[Editor’s note: The post does not have the usual snarky attitude of The Dismal Political Economist. We apologize for that and hope it does not happen again. Also, we think he has exhausted the marriage equality issue and we have asked him to move on to other topics.]
The problem many of us have with those opposed to same sex marriage is trying to understand why. Economists talk about externalities, which is where the actions of one set of individuals spill over and affect other individuals. But what are the externalities involved when someone else gets married, regardless of who they are. How does that affect anyone else?
A story in the New York Times clears up the mystery, or at least tries to. The article presents the other side, and tells the story of those opposed to allowing same sex couples to wed. And here is the explanation of the opposition.
Stephen Crowley/The New York Times
“In redefining marriage to include same-sex couples, what you’re doing is you’re excluding the norm of sexual complementarity,” Mr. Anderson, the Heritage Foundation fellow, said. “Once you exclude that norm, the three other norms — which are monogamy, sexual exclusivity and permanency — become optional as well.”
The result, proponents of traditional marriage say, would be further rises in divorce rates and out-of-wedlock births.
Okay, so now we now what their objections are. But the first point is gibberish, it makes no sense to anyone at least in the context of same sex marriage. As for the other points, well now we have the externalities identified. But identifying the externalities does not mean they exist. There has to be a logical argument as to why same sex marriage decreases monogamy, for example, and there has to be data to support the analysis. Both are lacking here. The problem exists only the minds of those who see a problem, and in the minds of those who have animus towards gay and lesbian people.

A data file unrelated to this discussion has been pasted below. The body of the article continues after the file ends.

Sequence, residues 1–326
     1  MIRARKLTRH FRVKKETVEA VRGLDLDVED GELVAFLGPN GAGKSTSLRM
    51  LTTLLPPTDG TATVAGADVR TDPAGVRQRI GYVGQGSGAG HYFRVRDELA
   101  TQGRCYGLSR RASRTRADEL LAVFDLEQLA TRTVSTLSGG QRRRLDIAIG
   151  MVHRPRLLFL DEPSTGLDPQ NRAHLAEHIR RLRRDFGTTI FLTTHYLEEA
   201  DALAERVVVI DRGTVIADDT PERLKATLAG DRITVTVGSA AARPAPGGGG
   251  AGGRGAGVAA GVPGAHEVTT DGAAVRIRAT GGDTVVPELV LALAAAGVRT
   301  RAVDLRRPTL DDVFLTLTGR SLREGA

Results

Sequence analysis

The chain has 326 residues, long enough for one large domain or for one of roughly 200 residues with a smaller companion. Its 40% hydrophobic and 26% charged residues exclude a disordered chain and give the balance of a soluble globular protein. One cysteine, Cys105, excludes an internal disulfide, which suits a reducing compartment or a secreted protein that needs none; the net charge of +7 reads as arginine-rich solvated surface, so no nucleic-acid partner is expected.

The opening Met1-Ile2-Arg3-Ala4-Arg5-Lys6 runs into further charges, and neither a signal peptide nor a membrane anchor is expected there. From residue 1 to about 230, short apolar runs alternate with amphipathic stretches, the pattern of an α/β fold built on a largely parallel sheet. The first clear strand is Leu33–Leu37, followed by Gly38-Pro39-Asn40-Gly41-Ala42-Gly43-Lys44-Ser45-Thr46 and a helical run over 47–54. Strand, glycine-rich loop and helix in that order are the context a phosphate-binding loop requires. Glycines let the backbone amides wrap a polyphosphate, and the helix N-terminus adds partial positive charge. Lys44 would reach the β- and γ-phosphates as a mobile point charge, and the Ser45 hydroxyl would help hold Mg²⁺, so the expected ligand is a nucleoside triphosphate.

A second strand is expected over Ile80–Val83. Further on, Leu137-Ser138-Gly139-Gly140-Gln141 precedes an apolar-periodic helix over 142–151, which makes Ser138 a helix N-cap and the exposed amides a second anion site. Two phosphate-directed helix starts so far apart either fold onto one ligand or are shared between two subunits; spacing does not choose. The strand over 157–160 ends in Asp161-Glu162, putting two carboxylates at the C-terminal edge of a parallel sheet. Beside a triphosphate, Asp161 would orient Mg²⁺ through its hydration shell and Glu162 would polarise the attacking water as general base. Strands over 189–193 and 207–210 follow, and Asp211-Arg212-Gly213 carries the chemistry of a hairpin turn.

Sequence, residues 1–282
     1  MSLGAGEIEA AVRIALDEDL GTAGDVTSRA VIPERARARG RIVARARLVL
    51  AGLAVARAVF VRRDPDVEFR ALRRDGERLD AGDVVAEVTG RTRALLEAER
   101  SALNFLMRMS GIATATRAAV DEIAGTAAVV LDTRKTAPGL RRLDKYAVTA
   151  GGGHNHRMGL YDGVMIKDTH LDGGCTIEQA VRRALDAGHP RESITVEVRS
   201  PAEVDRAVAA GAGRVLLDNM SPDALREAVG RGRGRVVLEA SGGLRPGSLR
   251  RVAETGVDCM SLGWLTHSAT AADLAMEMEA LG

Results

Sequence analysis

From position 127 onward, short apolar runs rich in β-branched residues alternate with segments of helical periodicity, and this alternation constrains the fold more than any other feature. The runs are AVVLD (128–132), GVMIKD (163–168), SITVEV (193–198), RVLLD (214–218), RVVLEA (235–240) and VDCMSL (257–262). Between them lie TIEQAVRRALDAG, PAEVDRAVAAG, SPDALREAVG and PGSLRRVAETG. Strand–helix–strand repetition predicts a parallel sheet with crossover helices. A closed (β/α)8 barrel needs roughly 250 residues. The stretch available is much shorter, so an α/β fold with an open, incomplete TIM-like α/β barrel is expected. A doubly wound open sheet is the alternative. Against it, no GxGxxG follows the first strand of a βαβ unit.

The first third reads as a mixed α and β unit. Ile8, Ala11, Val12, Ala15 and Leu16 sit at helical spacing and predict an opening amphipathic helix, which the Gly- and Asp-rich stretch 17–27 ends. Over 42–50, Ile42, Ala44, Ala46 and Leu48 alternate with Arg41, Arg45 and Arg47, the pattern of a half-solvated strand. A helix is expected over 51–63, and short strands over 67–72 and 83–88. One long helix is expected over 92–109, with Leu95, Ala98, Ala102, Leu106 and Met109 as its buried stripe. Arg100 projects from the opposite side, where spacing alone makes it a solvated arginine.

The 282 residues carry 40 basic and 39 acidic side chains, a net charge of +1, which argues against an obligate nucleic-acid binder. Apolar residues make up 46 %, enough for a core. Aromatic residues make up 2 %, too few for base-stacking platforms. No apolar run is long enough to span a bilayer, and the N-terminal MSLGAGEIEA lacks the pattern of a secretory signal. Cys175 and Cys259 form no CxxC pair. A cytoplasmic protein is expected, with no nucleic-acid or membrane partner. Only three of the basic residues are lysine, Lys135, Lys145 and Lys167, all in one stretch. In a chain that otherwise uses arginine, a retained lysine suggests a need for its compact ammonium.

It may not help the anti-marriage cause either, whose proponents say this.
“Proponents of same-sex marriage have done a fantastic job of telling the story of same-sex marriage through music and television and film, " said Eric Teetsel, 29, the executive director of the Manhattan Declaration, which describes itself as a movement of Christians for life, marriage and religious freedom. “I think it’s really a case where once they hear the other side of the issue, and really think about it deeply, we’re going to win a lot of those folks back.”
Because quite frankly we don’t think the above explanation, if that’s the best they got will do the job. But everyone should welcome the other side to the debate, that’s what we do in a democracy, and everyone on the pro-equality side can afford to be generous. We are winning, they are not. And they seem to recognize this.
“Even if we are doomed, and I’m totally naïve, I think it’s important that I do this work anyway,” Mr. Teetsel, of the
Declaration, said. “If what I believe is true is true, then I’ve got a
responsibility to be on its side for as long as I can be.” Manhattan
Yes Mr. Teetsel, but if what you believe is false think about the horrible wrong you are doing, how you are supporting and encouraging bigotry and hatred. And the religious freedom you support does not mean the freedom to impose your religious beliefs on others. Okay, we can note the sincerity and dedication of people engaged in trying to deny equal rights to everyone, even if we cannot overlook their hatred and bigotry but wish all of that sincerity and dedication was dedicated to a decent cause.